[Smt-talk] Fwd: Re: Subdominant versus Predominant

Nicolas Meeùs nicolas.meeus at paris-sorbonne.fr
Sun Feb 26 13:10:25 PST 2012


Let's keep Schenker outside this discussion. You have the false notion 
that Schenker did not consider the subdominant, or considered it 
unimportant. This is not true, but it does not matter here.

I did not discuss whether the subdominant is a "reflection of the 
dominante", merely whether Reber said so: the answer definitely is "no".

You wrote to Jean-Michel Boulay that "neither Nicholas nor you 
understand that the main point of our discussion is not whether the 
French think that S is a chord below D or the Germans think it is a 
chord below T". I do believe, though, that this is essential to the 
discussion, because it shows that generations of French (and, probably, 
Italian and Spanish) speaking people did not understand S as you do. 
They may have been mistaken, but at least their mistake (if any) 
demonstrates that your "axiom" remains open to discussion.

Your point of view seems to stem from an edulcorated conception of 
Riemann's theory of tonal functions. One important question (asked by 
Dahlhaus, among others) about Riemannian functions is whether the S 
function is associated with the IVth degree, II and VI being possible 
substitutes, or is an overarching function for IV, II and VI all 
together. The latter is the most probable. In view of this, to assume 
that T--S--D--T and I--IV--V/--/I are equivalent formulations is rather 

Roman numerals belong to a drastically different tradition, Sechter's, 
continued in Viennese theory (Bruckner, Schoenberg, Schenker), where the 
functional value of the chords is seen to depend from their distance to 
the tonic in the cycle of fifths, IV--I--V--II--VI--III--VII. In this 
conception, IV and V remain equally close to I as in the German 
(Riemannian) theory; but II refers to the tonic merely through the 
mediation of V, VI through II and V, and so on.

The American tradition is close to the Viennese one, and therefore can 
see II as a "predominant" chord (and IV as a possible substitute to it), 
referring to I through V; while you are more familiar with a simplified 
post-sovietic Riemannian tradition, which sees II as a substitute to IV, 
the "subdominant". The 19th-century French theorists represent a third 
tradition, which did not much bother about tonal functions, in neither 
of these versions.

I myself belong to none of these traditions (I am not French!), but I 
met and studied all of them with some puzzlement and much interest. 
Don't think that I don't understand what you say: I probably knew your 
theory before you were born (;-)). But don't expect me to accept it as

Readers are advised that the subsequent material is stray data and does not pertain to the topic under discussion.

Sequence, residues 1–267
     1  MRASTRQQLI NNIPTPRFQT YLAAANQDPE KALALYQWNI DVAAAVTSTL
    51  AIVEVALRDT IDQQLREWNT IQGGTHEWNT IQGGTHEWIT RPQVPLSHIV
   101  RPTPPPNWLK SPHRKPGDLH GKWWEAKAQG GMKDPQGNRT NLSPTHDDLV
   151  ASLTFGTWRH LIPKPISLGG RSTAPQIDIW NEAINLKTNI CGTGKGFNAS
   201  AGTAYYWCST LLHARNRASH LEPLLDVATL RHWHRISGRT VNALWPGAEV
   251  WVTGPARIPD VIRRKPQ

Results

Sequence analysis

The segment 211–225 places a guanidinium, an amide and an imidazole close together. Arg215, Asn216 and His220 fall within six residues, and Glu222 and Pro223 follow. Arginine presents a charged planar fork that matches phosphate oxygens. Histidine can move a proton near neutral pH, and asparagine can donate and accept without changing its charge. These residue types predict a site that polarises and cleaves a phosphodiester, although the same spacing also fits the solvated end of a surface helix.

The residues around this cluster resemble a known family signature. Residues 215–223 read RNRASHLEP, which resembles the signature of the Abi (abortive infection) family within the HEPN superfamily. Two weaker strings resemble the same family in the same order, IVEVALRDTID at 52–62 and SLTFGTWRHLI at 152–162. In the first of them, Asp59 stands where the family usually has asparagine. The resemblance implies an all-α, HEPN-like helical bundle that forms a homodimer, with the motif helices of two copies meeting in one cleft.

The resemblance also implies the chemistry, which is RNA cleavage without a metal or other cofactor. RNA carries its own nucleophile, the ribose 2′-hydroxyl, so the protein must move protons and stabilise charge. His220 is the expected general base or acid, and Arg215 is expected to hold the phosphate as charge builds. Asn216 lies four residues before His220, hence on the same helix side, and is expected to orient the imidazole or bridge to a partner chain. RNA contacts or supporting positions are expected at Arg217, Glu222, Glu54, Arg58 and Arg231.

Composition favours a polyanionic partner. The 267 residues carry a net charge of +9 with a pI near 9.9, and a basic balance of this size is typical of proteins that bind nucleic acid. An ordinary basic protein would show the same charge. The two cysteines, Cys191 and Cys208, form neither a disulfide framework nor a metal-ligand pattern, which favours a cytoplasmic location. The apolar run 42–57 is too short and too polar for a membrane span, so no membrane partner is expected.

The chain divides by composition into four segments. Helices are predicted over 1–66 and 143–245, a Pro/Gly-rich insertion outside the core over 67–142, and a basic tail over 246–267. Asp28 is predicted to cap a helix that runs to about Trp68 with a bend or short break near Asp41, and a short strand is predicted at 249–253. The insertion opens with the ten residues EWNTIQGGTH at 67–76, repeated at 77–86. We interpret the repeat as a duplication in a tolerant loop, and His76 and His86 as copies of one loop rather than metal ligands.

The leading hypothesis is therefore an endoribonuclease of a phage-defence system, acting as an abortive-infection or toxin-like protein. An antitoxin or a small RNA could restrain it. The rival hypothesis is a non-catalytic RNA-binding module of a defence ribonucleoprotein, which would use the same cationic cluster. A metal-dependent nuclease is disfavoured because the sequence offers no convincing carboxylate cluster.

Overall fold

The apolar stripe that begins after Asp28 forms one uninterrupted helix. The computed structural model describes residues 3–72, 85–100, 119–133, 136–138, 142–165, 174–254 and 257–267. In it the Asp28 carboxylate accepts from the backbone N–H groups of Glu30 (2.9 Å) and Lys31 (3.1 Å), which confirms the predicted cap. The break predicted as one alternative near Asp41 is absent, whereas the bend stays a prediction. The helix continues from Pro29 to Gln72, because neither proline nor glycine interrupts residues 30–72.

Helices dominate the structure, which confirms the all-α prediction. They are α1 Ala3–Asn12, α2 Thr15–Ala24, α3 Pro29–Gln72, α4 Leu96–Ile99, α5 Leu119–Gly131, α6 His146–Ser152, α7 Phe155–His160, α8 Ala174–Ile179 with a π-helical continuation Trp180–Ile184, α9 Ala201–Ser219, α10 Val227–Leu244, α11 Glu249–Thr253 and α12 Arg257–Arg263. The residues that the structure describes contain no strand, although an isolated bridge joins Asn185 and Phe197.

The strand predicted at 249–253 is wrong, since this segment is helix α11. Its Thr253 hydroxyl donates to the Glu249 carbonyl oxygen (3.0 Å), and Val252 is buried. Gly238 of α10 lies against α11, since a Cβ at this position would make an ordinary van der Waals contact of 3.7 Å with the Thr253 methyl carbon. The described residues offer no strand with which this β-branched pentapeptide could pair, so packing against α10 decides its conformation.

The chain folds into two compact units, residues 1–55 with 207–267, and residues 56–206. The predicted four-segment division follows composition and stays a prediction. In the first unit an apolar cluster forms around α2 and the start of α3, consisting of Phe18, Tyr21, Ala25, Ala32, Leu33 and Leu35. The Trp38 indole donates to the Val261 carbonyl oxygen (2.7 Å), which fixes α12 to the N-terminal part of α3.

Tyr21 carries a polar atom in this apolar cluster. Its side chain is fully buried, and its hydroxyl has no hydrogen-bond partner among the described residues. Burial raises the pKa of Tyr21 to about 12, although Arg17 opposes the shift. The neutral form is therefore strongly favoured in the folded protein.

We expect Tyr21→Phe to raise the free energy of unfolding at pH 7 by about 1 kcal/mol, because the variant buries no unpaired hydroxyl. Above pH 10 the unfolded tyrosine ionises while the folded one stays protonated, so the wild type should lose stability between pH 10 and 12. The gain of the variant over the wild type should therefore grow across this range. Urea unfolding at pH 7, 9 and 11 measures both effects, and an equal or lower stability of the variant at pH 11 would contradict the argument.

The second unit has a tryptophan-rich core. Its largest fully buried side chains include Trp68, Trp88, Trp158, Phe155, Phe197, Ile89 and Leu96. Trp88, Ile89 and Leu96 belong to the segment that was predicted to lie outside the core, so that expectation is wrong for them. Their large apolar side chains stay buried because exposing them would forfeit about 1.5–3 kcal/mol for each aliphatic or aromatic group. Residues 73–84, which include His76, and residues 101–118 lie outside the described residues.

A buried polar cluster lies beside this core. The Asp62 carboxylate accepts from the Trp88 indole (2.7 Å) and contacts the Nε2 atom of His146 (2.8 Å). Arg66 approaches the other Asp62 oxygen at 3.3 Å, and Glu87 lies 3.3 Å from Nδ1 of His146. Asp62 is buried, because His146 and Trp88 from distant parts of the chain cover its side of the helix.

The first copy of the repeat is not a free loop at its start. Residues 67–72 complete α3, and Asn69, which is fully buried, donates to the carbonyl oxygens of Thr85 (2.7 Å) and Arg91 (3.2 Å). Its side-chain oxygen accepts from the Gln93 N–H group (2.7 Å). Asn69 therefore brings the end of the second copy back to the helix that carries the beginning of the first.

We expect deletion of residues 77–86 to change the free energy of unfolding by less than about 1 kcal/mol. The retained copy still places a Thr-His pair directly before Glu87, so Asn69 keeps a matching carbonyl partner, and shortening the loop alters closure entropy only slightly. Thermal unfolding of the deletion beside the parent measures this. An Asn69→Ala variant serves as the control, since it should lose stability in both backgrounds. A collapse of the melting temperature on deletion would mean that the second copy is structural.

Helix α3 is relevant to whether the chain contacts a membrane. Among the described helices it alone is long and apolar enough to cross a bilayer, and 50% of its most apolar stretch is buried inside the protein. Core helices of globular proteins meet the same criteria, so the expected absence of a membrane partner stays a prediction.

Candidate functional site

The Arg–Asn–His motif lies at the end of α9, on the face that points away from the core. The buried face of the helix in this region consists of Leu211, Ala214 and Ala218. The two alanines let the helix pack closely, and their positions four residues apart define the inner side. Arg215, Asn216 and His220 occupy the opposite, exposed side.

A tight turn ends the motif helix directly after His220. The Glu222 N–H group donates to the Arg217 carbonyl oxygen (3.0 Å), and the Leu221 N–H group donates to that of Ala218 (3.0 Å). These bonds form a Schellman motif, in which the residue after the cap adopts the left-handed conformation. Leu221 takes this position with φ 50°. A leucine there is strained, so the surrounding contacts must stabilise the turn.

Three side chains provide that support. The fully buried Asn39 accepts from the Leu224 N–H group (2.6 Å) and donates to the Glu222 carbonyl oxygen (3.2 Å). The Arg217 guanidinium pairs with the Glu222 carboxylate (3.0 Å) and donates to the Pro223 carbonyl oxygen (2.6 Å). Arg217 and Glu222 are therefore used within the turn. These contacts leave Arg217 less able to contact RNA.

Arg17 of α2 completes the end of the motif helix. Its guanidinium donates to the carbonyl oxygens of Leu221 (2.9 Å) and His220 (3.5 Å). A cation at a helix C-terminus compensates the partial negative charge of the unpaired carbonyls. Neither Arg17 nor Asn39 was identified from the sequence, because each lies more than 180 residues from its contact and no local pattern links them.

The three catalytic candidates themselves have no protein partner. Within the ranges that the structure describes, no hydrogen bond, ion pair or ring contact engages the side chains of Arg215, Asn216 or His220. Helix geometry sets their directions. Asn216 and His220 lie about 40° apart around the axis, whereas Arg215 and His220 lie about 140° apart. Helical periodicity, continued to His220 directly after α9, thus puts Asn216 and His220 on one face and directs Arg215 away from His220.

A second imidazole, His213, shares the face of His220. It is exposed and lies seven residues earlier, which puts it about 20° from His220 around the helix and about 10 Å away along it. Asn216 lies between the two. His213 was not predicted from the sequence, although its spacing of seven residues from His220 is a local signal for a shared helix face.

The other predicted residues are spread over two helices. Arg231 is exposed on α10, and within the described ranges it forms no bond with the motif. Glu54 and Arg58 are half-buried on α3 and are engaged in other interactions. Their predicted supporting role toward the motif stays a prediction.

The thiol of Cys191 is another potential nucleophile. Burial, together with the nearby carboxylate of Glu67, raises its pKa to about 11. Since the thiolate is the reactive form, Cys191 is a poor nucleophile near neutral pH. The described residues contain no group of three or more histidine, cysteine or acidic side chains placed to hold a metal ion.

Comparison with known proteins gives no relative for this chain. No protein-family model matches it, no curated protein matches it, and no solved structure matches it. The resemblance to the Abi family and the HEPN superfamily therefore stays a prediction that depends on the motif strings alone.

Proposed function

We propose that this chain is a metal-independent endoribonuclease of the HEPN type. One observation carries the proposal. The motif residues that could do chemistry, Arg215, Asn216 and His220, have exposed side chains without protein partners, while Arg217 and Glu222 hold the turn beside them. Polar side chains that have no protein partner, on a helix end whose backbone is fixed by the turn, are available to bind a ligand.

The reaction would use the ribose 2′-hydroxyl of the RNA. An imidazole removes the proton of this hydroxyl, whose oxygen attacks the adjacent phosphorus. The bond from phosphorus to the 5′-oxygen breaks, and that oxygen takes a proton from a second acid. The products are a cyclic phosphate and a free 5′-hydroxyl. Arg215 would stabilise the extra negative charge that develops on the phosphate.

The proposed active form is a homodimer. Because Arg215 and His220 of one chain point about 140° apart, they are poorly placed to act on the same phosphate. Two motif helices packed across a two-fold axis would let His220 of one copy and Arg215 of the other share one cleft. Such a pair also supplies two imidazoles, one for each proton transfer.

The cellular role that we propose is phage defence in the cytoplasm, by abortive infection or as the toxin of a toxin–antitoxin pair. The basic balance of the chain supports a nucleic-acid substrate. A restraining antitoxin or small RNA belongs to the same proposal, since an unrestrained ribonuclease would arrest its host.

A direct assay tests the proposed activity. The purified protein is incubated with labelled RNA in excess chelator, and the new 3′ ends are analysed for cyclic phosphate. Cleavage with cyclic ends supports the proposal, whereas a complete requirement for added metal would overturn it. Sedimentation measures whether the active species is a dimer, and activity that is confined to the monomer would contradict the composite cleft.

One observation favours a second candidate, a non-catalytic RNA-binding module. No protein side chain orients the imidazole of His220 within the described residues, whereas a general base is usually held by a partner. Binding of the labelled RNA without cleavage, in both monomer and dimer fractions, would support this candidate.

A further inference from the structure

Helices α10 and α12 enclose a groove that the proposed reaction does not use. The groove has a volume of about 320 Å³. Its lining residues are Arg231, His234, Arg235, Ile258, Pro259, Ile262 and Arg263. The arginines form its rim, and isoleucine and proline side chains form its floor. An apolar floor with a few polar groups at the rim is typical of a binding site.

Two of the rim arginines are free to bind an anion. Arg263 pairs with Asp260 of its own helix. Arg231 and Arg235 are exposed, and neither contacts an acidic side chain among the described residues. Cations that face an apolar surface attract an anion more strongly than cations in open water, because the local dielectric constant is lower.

*the* truth: I have seen too many truths in my life.

Nicolas Meeùs
Université Paris-Sorbonne

Le 26/02/2012 17:00, Ninov, Dimitar N a écrit :
> Dear Nicholas,
> Thank you for this quotations. They only reflect what I have been saying up to now, namely: "By associating the fourth degree to the two preceding ones (the first and the fifth), the tonal effect is complete." Also, "...they [T, S,, and D] form the "bonnes notes" of the key". That is not Schenkerian, is it? Schenker does not need the 4th scale degree to complete the tonal effect and he does not think that T, S and D form the "bonnes notes" of the key - he builds a house on two columns instead of three.
> Another quotation from your letter: "And it is by no means true that Reber explains it as "a reflection of the dominante". No disagreement here either - the S chord is a reflection of D as referred to the tonal center; it lies a perfect fifth in the opposite direction from the tonic - a mirror inversion of the position of D with T as an axis. Remember: T as an axis.
> I do not have to prove that all the chords in a key relate to the tonic. This is an axiom, not a theorem. Otherwise, the tonic would not posses the power of gravity, and there will be no key. PD is an invented sub-category which implies a "dominant paradigm" which does not exist at a pure diatonic level. The only paradigm in a key is the tonic. Only when the dominant is tonicized does it create a temporary paradigm, as it happens with any tonicized major and minor triads. But many theorists claim that, even if the dominant is tonicized, they steel hear it as D, not as a local T. There is some truth in this.
> Best regards,
> Dimitar
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